Fife Council is not in a position to fund an ambitious masterplan to save the ancient Wemyss Caves.
Despite claims it would be “criminal” to lose the network of 12 caves during the current generation, it has been made clear the local authority does not have the budget to implement long-term shoreline protection.
External funding would have to be applied for if the caves, containing several Pictish carvings thought to date from the fifth century, were to be saved from coastal erosion.
That was the conclusion of a discussion at the council’s Levenmouth area committee where a plan of action was scrutinised.
A combination of erosion, coal mining and vandalism has left the internationally important caves at East Wemyss in grave danger and it is feared the rare, historic drawings will be lost for good if nothing is done.
Experts predict that without some form of coastal defence, the sea will breach the entrance to the site within just 50 years.
The plan contains a number of recommendations which could be implemented in the short, medium or long term but councillors have questioned how deliverable they are.
Levenmouth local area manager Dave Paterson said deliverability was the key.
“We are properly mapping and getting digital maps of the caves,” he said.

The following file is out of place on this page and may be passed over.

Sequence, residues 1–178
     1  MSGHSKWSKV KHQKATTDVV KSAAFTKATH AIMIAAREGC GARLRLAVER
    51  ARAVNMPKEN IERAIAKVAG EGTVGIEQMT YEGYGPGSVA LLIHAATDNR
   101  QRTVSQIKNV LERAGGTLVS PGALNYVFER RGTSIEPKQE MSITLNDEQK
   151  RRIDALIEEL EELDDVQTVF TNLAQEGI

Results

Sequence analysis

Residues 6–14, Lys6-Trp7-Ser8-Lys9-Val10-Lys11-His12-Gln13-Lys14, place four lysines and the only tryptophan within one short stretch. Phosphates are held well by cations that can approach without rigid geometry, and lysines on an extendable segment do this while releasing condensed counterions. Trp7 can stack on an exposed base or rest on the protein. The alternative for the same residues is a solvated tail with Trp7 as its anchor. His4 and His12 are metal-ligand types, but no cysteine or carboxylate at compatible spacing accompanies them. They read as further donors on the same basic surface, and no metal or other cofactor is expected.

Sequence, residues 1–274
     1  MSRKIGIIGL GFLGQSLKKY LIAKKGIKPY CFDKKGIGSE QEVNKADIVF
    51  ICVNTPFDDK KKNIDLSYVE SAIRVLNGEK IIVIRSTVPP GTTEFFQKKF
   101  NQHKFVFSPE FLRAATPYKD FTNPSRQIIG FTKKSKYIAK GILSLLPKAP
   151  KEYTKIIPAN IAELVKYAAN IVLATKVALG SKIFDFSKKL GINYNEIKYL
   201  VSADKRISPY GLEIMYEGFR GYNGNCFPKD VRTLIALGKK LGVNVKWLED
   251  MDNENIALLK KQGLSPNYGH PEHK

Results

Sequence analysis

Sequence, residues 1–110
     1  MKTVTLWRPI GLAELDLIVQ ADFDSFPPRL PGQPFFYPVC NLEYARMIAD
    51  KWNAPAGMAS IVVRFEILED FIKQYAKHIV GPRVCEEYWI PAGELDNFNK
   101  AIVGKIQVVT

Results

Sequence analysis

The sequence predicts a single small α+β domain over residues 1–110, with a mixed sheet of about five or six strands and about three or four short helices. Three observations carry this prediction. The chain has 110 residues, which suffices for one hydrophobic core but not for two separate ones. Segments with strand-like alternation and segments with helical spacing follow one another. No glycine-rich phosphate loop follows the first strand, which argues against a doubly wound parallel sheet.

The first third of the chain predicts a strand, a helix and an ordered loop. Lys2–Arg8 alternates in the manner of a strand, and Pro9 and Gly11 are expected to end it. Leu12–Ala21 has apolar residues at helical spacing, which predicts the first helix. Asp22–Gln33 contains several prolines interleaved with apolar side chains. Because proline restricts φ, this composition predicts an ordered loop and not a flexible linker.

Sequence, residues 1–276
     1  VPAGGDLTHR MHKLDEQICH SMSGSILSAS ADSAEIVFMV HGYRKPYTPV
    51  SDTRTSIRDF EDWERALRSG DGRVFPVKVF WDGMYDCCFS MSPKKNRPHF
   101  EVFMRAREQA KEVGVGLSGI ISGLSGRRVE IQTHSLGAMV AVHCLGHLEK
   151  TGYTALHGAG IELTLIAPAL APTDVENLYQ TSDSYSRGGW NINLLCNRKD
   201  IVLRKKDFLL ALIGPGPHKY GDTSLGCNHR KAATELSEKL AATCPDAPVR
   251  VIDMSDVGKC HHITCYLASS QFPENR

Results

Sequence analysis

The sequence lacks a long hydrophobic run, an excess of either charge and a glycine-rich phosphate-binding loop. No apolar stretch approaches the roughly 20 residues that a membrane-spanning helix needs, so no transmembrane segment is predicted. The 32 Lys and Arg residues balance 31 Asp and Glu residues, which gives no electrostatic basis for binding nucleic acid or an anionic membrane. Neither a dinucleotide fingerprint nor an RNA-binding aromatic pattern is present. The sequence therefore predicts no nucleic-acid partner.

“The level of academic rigour that has been applied to it has been fantastic.
“Looking at longer term shoreline protection, Fife Council is not in a position to fund that.”
Mr Paterson pointed out the council did not own the land where the caves sit and suggested the focus for now should be education and interpretation.
“An interpretation centre is key to the programme,” he said.
“We have artefacts that pertain to the caves held below the primary school.
“If we can look at an alternative building to hold that it would be great.”
Adding that a coherent approach to managing the caves was needed, he said: “It’s something we should be using as an asset rather than seeing it as a liability.”
A visitor centre and caves trail has been mooted as one way of boosting the area’s tourism potential.
The report will be considered by the council’s executive committee next week.